I love my work,and have been fortunate to attract some fabulous new clients, even in this recession. They recognize that I go above and beyond to deliver the best possible service. I am grateful for my wonderful clients, their beloved animals, and feel like one of the luckiest people in Portland. Every job has challenges, but thankfully the rewards way outweigh them. Yesterday was simply a learning experience. One of the biggest rewards of this business: it's never boring or routine! I've learned to expect the unexpected.

Monday, March 15, 2010

Maybe some animals are born with an anxiety gene?

This weekend I did drop-in visits for a lovely couple. They also have two lovely kitties, they tell me, but I wonder if they're pulling my leg. At my visits, I only saw gregarious, playful, Cat Dancer-loving Gina. Amy, unfortunately, has a profound fear of strangers. She goes into hiding if anyone comes through the door who is NOT one of her "parents." Her favorite hiding place is behind the clothes dryer, where it's dark, there's little space, and it's difficult, if not next to impossible to see behind. A flashlight wasn't of much help since Amy was so obscured, so carefully hidden, that I wasn't sure whether I imagined seeing an ear! So there was Ms. Amy cowering, and she was NOT buying my gentle assurances that I LOVE kitties!

Then came the feeding challenge. Amy had a 45 minute window of opportunity to eat her food (actually,they both did) before it needed to be removed. Gina, who loves to eat, would eat Amy's food, too, if she could. That would be a problem since they required different foods.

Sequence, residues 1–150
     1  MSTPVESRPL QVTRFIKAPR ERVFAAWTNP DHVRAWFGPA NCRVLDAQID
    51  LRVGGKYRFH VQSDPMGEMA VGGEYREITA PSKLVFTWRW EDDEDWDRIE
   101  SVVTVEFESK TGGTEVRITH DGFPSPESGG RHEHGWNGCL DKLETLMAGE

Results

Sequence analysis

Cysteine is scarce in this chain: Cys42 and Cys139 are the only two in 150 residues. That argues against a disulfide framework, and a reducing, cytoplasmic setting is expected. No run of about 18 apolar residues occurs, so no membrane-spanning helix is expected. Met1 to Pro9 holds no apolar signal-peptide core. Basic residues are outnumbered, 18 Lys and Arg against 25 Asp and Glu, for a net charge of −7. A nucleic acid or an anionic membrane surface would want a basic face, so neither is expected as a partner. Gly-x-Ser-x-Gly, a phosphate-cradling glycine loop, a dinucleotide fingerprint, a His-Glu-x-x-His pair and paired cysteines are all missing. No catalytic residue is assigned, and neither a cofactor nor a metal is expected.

Of course, Amy didn't know she only had 45 minutes to fill her belly. She seemed reluctant to even move a whisker, much less eat, while "the scary stranger" was in her house. I tried sitting as quietly as possible, while keeping one eye on Gina to make sure she wouldn't bolt behind the dryer and scarf up Amy's food. (Which meant I did wind up bolting after her several times when she thought I wasn't looking.)

Separating them into different rooms might have been ideal but my clients didn't want me to do that, and they had their reasons. So I walked away wondering if Amy had gotten anything to eat. If she hadn't, I suppose fasting for 35 hours wouldn't harm her. It left me thinking (not for the first time) that animals, like people, are probably born with genetic predispositions, which may or may not manifest depending on circumstances.